There is scarcely any single reform so important in the moral history of mankind as the suppression of gladiatorial shows, a feat that must be almost exclusively ascribed to the Christian Church.[74]

Christianity was also responsible for ending slavery.  The abolition movements that swept Britain then the U.S.  in the 18th and 19th centuries were thoroughly Christian.[75]  The Britain abolition movement, led by Christian leaders, picked up great steam. This momentum further increased when many seized the event of the American Revolution to claim that the British Empire was being punished by God for their slavery.  In 1787, a full-blown abolition movement was at hand, driven out of an evangelical urgency for national redemption and quickly succeeded.  As historian Christopher Leslie Brown notes:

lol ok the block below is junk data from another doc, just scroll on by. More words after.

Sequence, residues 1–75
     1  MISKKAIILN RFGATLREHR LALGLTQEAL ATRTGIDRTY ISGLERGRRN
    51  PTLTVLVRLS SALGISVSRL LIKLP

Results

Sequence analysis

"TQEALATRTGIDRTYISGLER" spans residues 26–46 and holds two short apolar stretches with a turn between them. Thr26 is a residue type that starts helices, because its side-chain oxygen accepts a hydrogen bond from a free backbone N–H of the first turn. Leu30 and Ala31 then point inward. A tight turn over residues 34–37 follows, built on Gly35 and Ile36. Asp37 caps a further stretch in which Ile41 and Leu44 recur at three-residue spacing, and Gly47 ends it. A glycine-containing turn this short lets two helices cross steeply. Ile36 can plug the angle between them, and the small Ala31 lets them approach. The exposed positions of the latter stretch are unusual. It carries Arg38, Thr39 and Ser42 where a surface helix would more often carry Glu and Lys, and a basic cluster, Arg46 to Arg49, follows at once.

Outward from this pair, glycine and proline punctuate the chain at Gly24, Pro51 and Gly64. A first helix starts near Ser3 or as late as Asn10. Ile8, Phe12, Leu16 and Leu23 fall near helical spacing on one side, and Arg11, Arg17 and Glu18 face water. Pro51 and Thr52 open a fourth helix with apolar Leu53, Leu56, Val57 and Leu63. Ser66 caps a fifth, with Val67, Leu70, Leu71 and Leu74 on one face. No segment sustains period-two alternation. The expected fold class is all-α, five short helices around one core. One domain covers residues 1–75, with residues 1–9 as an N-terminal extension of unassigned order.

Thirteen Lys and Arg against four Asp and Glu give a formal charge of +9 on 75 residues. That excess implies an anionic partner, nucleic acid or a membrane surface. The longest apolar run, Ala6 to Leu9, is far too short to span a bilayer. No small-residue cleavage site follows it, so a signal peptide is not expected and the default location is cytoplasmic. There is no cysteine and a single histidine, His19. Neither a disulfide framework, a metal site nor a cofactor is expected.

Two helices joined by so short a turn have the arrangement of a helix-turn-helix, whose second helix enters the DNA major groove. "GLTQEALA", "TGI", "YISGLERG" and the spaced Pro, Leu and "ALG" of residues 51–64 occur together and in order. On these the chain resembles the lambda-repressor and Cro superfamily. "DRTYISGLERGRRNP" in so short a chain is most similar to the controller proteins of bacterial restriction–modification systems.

Through the campaign against the Atlantic slave trade, some British abolitionists hoped to make the British people better Christians.  That was the possibility first anticipated by Anglican evangelicals gathered at Barham Court in Teston, Kent during the 1780s and subsequently at Clapham Common south of London.  These evangelicals within the Church of England – Hannah More, William Wilberforce, James Ramsay, Charles and Margaret Middleton – had grown uncomfortable with the distaste for earnest Christianity among certain elements of polite and fashionable society … Slave trade abolition, accomplished with overwhelming public support in 1807 but orchestrated by Clapham Sect leadership, offered concrete proof that the British people had come to embrace in form and substance a devotion to practical Christianity.[76]